At least a little bit of my enthusiasm for Semantic Web technologies has diminished over the last ten years because of problems that I have had on customer projects trying to collect linked data from disparite sources and merge it into something useful. There are (apparently) no silver bullets and any data collection and exploitation activities involve a lot of difficult work.

I would not be surprised if this problem of merging different data sources is not solved by using Ontologies and webs of linked data sites, but rather, by vendors curating data in narrow domains and selling interfaces to this curated data.

In a world of too much information the activity of curation can have a very high value and this value and the market price for these services will determine the amount of resources invested in combinations of automated and manual curation of information.

Tuesday, January 10, 2012 site is online

Yesterday I wrote about two web portals I have been working on in Clojure. One of them is online: our stock photo web site. This is a simple web app written with Clojure and Noir. I use the excellent system for accepting orders for JPEGs (and soon hi-def video clips). In my tests it seems easy enough to buy JPEG files: you just check the ones you want, go to the purchase page, and in a few seconds you are downloading a ZIP file with the JPEGs you purchased. A simple little web app but I think that my wife and I will have fun with it: we are avid photographers.

Monday, January 09, 2012

My two new projects: both web portals written in Clojure

I have three web portal projects that I have wanted to develop for quite some time. I am close to releasing two of them (a text analytics web service and a stock photos and video clip store. My wife and I are avid photographers and we have been wanting to travel more and do more photography; I started putting together the photo site yesterday morning and hope to have it fully on line in the next day of two - simple to implement. The text analytics web service will be publicly available within a month or so (right now, just the demo page is active - I short circuited the new account login for now). My third project is a web portal for a single consultant to manage multiple customers. Last year I prototyped this for my own use using Java + GWT + AppEngine and then ported it off of AppEngine, using MongoDB for the data store. I have had such a fun and productive time using Clojure and Noir for my two recent projects that I am considering porting this third project to Clojure. I might leave it as-is except that I have already done most of the design for a more complex web app to manage multiple consultants with multiple customers. I know that the development would go much faster using Lisp.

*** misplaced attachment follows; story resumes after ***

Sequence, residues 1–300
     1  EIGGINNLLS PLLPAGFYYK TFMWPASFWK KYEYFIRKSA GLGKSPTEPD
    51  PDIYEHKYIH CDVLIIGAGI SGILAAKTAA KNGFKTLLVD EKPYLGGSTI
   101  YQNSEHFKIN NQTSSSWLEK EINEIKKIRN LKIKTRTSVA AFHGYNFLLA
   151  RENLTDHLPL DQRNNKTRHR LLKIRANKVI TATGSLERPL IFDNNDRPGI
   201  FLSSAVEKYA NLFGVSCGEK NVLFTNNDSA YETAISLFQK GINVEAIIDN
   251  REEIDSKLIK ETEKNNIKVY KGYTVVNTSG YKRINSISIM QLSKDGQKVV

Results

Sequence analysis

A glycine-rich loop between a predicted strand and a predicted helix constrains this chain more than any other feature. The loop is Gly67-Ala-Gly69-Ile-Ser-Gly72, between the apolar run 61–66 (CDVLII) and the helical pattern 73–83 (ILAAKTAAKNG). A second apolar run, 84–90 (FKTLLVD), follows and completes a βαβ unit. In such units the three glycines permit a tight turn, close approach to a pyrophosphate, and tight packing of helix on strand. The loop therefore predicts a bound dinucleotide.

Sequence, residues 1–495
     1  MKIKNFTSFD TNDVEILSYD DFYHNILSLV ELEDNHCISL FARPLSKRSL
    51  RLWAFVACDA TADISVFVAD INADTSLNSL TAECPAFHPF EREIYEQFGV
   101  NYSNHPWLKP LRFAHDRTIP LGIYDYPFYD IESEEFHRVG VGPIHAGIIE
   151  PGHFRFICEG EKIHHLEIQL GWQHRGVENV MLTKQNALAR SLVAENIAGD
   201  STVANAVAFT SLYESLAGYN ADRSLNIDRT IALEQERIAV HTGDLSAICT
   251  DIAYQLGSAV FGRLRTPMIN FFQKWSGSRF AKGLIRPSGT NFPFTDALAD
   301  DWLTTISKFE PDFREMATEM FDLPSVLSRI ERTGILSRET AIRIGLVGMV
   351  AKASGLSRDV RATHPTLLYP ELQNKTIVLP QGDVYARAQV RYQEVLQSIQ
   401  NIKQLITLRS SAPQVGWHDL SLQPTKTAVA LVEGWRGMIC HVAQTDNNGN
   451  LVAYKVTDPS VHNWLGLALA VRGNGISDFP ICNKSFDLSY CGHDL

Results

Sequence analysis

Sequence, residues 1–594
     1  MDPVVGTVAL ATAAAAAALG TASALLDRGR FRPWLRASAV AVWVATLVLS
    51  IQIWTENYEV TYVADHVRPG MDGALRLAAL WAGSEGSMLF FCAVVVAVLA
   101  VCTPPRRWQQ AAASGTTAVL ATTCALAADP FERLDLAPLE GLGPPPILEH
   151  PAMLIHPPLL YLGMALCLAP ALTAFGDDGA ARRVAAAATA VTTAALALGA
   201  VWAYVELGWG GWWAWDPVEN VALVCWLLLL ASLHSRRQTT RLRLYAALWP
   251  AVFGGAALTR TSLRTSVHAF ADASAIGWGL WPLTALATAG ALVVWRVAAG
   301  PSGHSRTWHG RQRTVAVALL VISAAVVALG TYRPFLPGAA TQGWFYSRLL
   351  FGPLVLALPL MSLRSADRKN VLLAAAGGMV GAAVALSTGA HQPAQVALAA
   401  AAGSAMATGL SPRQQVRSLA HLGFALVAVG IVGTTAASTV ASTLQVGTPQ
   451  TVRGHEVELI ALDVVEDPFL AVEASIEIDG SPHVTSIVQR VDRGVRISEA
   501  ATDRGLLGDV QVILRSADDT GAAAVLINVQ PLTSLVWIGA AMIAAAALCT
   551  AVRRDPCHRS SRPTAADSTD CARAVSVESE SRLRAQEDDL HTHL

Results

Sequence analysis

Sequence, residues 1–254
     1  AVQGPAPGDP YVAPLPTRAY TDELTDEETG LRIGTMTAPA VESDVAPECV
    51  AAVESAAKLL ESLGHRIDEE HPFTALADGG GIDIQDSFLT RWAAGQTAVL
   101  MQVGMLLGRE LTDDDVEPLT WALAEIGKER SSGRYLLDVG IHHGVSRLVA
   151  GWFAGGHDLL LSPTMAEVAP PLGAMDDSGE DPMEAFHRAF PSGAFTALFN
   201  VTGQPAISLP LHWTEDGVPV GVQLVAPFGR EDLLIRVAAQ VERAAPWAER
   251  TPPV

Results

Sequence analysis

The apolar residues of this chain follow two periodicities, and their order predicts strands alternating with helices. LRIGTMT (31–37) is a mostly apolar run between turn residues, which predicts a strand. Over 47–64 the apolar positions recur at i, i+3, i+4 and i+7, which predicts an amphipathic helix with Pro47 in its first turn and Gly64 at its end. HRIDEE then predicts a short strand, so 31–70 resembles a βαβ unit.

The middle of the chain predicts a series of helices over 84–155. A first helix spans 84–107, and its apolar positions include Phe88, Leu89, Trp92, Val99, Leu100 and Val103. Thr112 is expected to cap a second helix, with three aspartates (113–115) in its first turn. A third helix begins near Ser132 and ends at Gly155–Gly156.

Monday, January 02, 2012

Using Emacs and org-mode in OS X

I recently ran across David O'Toole's org-mode tutorial and I have been experimenting with using org-mode with Emacs instead of the little utility web app I wrote for my own use a few years ago. I decided that I like org-mode better after learning the basic commands even though I can no longer access my to-do lists from ay web browser. Org-mode is useful for more than simply managing to-do lists and tasks but that is what I am mostly using it for.

To make org-mode always easily available I added this to my ~/.profile:

alias orgmode='echo -e "\033]0;org-mode\007";Emacs -nw ~/Documents/org-mode/.'
This will open org-mode in a the current term window tab and change the tab title to "org-mode." I keep all of my org-files in /Users/markw/Documents/org-mode/ so change that bit of bash script to reflect where you want to keep your org data files. You might also want to substitute emacs for Emacs -nw which is what I use for command line Emacs because I prefer the latest version 2.4.x of Emacs.